Tuesday, July 31, 2018

Three Men in a Boat by Jerome K. Jerome (novel #106)

This is my first read of Three Men in a Boat, though I've read some of JKJ's short stories.

Three Men in a Boat is a comic novel and the first-person narrative of “J” and recounts the tale of a boating trip down the Thames with two friends, George and Harris…to say nothing of the dog Montmorency. I understand the book was originally intended to be a serious travel guide, and indeed it does include some genuine information about historical points along the route, but I got the distinct feeling that Jerome could not resist injecting his droll wit. It is a marvelous farce.

Pleasure boating on the Thames was all the rage, and the reader is quite aware that the three would-be boatmen – were not at all qualified – but rather chose the outing to be chic and sophisticated. They failed.

I was prepared to love this book, but to be honest, I was just a bit disappointed. I definitely prefer Jerome K. Jerome’s short stories or essays. Three Men in a Boat is funny, but not hilarious, enjoyable but not riveting.

A few excerpts to demonstrate Jerome’s signature prose dripping with sarcasm or oozing with satire.
When George is hanged, Harris will be the worst packer in this world 
I don’t know why it should be, I am sure; but the sight of another man asleep in bed when I am up, maddens me. 
People who have tried it, tell me that a clear conscience makes you very happy and contented; but a full stomach does the business quite as well, and is cheaper, and more easily obtained. 
…and I yearn for the good old days, when you could go about and tell people what you thought of them with a hatchet and a bow and arrows. 
It must have been worth while having a mere ordinary plague now and then in London to get rid of both the lawyers and the Parliament.

And a few excerpts to show the elegance of prose he can write with when he chooses.
From the dim woods on either bank, Night’s ghostly army, the grey shadows, creep out with noiseless tread to chase away the lingering rear-guard of the light, and pass, with noiseless unseen feet, above the waving river-grass, and through the sighing rushes; and Night, upon her somber throne, folds her black wings above the darkening world, and, from her phantom palace, lit by the pale stars, reigns in stillness.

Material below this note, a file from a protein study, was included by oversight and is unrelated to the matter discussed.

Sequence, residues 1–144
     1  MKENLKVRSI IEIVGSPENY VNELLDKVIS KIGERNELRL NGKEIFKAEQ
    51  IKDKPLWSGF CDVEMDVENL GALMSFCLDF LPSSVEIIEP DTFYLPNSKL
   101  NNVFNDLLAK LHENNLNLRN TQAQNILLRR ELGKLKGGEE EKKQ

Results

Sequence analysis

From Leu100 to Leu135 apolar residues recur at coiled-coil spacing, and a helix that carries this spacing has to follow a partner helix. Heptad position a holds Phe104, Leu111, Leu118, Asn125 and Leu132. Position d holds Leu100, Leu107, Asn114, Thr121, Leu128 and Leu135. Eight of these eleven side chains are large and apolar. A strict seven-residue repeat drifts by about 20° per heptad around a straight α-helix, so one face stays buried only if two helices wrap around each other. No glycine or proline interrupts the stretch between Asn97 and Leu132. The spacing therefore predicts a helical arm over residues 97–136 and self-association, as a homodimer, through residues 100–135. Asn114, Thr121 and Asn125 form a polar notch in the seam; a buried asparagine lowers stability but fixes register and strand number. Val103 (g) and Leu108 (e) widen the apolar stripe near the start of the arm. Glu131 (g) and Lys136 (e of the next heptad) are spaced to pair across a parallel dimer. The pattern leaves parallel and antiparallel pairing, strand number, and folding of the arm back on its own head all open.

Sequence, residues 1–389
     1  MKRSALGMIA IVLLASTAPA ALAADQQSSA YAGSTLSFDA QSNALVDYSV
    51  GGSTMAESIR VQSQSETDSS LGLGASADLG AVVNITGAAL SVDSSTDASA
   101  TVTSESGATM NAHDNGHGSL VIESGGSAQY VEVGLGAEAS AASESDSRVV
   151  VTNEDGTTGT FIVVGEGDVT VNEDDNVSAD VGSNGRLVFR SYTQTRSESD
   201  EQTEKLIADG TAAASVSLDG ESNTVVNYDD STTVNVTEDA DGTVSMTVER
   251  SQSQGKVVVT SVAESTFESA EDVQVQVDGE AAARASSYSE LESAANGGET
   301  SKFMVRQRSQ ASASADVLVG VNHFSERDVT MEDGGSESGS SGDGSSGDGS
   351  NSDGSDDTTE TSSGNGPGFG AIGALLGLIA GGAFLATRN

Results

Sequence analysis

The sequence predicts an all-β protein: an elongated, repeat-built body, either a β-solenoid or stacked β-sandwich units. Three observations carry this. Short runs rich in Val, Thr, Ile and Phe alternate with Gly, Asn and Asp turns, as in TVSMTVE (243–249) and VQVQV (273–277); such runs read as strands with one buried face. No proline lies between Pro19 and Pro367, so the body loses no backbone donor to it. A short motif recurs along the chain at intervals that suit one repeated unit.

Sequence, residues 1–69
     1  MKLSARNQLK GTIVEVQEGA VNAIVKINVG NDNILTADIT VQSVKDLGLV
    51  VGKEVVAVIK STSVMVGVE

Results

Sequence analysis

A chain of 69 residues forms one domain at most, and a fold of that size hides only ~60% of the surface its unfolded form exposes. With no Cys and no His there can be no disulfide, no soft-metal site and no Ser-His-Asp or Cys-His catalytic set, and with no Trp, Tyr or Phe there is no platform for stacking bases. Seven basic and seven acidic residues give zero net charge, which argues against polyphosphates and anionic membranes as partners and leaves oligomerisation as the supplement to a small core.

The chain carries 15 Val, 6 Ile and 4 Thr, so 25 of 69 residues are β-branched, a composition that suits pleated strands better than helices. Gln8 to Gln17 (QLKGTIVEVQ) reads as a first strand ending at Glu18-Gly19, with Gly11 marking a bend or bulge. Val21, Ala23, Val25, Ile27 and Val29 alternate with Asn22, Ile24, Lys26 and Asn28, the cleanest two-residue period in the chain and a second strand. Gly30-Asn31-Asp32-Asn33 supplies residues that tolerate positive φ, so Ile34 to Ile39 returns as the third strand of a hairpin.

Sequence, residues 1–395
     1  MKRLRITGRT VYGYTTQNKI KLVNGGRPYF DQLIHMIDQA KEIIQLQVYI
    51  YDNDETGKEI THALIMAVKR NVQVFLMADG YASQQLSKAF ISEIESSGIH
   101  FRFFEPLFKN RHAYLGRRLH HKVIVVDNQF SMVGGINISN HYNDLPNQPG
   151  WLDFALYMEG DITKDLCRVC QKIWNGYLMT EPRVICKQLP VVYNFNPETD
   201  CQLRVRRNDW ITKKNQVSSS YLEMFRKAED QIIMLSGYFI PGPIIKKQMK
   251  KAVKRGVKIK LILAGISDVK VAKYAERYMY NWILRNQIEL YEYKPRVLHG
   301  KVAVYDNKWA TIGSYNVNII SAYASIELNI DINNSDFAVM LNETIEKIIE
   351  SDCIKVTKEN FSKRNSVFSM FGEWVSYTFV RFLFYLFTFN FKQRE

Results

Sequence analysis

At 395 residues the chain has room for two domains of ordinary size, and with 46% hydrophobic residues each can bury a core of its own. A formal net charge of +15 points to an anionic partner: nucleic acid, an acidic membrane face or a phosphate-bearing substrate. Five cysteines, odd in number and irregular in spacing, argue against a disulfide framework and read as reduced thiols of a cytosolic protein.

It was a glorious night. The moon had sunk, and left the quiet earth alone with the stars. It seemed as if, in the silence and the hush, while we her children slept, they were talking with her, their sister – conversing of mighty mysteries in voices too vast and deep for childish human ears to catch the sound.

My Rating: 3 ½ of 5 stars

This novel satisfies – Back to the Classics Challenge 2018 – Category: a classic travel or journey narrative.


Saturday, July 28, 2018

The Classics Club Spin #18

I’ve been a member of The Classics Club for years now, but I’ve never participated in a club spin – due to my self-imposed and inflexible reading schedule (My Quest).

But I completed My Quest last month, so it’s time I finally played along. If you don’t know how the spin works, check it out HERE – and ya know, join in, and/or join the club, because if you haven’t well…why not?

My 20 Classics for the Spin:

1. Breakfast at Tiffany's by Truman Capote
2. The Old Curiosity Shop by Charles Dickens
3. The Idiot by Dostoevsky
4. Watership Down by Richard Adams
5. In Cold Blood by Truman Capote
6. Candide by Voltaire
7. The Moon is a Harsh Mistress by Robert Heinlein
8. Picnic at Hanging Rock by Joan Lindsay
9. A Tale of Two Cities by Charles Dickens
10. The Adventures of Tom Sawyer by Mark Twain